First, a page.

Federal regulations explicitly restrict the use of drones near wildfires. All wildfires are automatically considered to be flight restricted zones according to the Federal Canadian Aviation regulations. That restriction is within 5 nautical miles of a fire, and to an altitude of 3,000 feet above ground level. The current maximum fine for an infraction is $25 thousand dollars and up to 18 months in jail.


I say shoot them down and then levy the fine ;)

Next step: New professional positions on the fire lines – Drone pilots. An interesting option.

So, “If you’re in the sky, we can’t fly” is not quite true. In fact, if properly used, the say could easily become – “If you’re in the sky, it’s safer to fly”


I suppose it all depends who is piloting the said drone, someone who knows what they are doing and is helping to support the fire fighting operation, or, an amateur thrill seeker looking to get cool video that he can upload on Youtube :)

That is right, exactly!!

I find it is a dangerous saying. It implies all drone usage is bad. Gawkers are also not supposed to be in the way of fire fighting operations. It can be a danger to them as well as the people who are working to put the fire out. A wildfire no trespass zone is not only in the sky, it is also on the ground.

With a negative image of drones, or anything that has both positive and negative uses, one is influenced in their ability to think constructively about drones, for instance.


from that article:

Accessing new technology in rural areas where forest fires rage has been a challenge, but the use of new unmanned drones could drastically change the nature of the fight.

“We can get more information for less cost, and it doesn’t put anyone in harm’s way,” said Sher Schranz, a project manager at National Oceanic and Atmospheric Administration who researches fire weather modeling.

Fighting wildfires is a tricky game, since the direction and intensity of the massive blazes can change in seconds. Drones can help in two ways: They can safely gather more information about fire conditions than is currently available, and they can send that information to firefighters on the ground quickly.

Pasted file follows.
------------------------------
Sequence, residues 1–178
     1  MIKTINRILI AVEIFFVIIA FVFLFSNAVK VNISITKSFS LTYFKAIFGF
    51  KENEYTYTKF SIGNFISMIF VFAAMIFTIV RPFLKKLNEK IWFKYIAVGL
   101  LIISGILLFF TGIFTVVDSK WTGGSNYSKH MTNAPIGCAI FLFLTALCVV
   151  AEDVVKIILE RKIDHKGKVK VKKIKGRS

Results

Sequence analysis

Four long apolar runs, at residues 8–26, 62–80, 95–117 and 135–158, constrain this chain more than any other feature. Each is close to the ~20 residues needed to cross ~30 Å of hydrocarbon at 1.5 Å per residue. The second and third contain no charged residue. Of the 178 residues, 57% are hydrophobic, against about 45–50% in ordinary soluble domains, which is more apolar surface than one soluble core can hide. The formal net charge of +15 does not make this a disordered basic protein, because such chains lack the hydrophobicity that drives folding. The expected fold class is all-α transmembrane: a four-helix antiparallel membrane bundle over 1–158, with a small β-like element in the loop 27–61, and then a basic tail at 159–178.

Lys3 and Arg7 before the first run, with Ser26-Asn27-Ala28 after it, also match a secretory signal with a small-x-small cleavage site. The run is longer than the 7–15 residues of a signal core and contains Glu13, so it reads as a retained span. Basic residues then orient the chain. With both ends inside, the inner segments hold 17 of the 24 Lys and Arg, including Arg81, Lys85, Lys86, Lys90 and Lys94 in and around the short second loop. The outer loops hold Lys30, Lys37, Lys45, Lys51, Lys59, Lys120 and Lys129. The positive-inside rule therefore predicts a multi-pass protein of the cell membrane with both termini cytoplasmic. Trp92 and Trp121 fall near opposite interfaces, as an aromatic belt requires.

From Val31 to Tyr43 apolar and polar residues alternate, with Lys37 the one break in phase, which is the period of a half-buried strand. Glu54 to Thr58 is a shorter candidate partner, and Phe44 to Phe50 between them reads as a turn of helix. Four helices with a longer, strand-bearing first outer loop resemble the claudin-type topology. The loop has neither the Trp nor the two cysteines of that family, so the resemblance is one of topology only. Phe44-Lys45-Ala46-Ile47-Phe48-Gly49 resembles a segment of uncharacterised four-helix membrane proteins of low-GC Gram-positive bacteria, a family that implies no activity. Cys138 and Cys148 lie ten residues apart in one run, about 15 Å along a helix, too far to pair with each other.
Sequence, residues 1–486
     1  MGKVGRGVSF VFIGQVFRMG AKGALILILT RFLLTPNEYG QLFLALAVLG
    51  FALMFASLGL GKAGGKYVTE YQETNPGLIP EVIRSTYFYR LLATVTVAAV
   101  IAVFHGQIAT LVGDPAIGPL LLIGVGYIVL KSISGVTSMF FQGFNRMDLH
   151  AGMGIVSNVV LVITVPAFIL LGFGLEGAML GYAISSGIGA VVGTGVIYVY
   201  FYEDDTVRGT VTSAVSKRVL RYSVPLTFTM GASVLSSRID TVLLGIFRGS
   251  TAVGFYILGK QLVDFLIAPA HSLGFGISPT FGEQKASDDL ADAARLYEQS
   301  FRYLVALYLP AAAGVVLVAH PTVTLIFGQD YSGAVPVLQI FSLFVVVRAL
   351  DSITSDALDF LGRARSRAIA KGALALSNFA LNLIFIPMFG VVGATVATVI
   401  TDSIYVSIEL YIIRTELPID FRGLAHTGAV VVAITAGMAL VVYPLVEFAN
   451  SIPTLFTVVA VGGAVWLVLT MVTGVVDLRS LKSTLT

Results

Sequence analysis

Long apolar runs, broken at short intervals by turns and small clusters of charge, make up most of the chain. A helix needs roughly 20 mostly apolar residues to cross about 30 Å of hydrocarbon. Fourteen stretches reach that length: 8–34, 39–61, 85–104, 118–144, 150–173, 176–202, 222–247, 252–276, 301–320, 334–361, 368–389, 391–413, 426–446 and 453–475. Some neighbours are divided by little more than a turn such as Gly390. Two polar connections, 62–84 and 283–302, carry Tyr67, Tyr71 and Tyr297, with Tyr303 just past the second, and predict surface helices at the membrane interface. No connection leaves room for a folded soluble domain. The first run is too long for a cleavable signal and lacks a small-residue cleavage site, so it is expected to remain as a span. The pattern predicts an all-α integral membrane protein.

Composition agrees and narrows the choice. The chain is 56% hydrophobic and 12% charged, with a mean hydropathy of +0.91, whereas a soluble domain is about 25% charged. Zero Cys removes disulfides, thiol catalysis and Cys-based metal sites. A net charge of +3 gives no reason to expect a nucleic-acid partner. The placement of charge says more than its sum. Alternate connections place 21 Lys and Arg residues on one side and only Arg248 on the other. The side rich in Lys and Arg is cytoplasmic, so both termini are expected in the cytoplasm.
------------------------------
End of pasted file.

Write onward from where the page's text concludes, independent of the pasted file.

Find me: Hunters will shoot these drones, and really, in Sept Oct, the risk of fire in this area is pretty low. And I really don’t have a problem with that! LOL
If they are on my rural property, They are fair game. But, of course, that’s just my opinion.

Ohhh THAT is Mike Morris????? The politcian that doesn’t want to deal with people from other ridings??? Even though they LIVE in the SAME town???

Grizzly, if you shoot at “drones” you better have a lawyer. Regardless of where it is that is illegal.

looks like a duck

Findme: Drone pilots (I am looking at the idiots here, not those who follow regulations) who have there priceless drone shot down due to illegal flight or flight in restricted areas had better have some good lawyers. Best be able to prove who shot you down and have the funds to prove in court that you were within your legal rights to violate flight regulations. Chances are very good that will never happen.

So I say blast away if it’s in the way, deal with the “non-issue” later. There comes a point in time when logic needs to ring through the stupidity of “poor me” you shot down my drone. Seriously think about it, we still had idiots starting camp fires where full burn bans were in effect and no enforcement.

Comments for this article are closed.